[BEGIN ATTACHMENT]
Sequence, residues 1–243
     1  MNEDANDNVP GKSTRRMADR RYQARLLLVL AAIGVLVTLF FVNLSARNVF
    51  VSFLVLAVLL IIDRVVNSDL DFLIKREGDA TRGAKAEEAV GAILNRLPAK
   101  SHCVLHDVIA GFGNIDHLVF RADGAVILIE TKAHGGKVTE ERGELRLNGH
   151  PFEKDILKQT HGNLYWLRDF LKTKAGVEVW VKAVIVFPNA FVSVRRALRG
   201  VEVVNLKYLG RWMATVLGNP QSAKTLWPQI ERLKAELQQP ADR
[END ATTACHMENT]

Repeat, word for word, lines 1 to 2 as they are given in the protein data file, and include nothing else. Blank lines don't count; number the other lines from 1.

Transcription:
Sequence, residues 1–243
     1  MNEDANDNVP GKSTRRMADR RYQARLLLVL AAIGVLVTLF FVNLSARNVF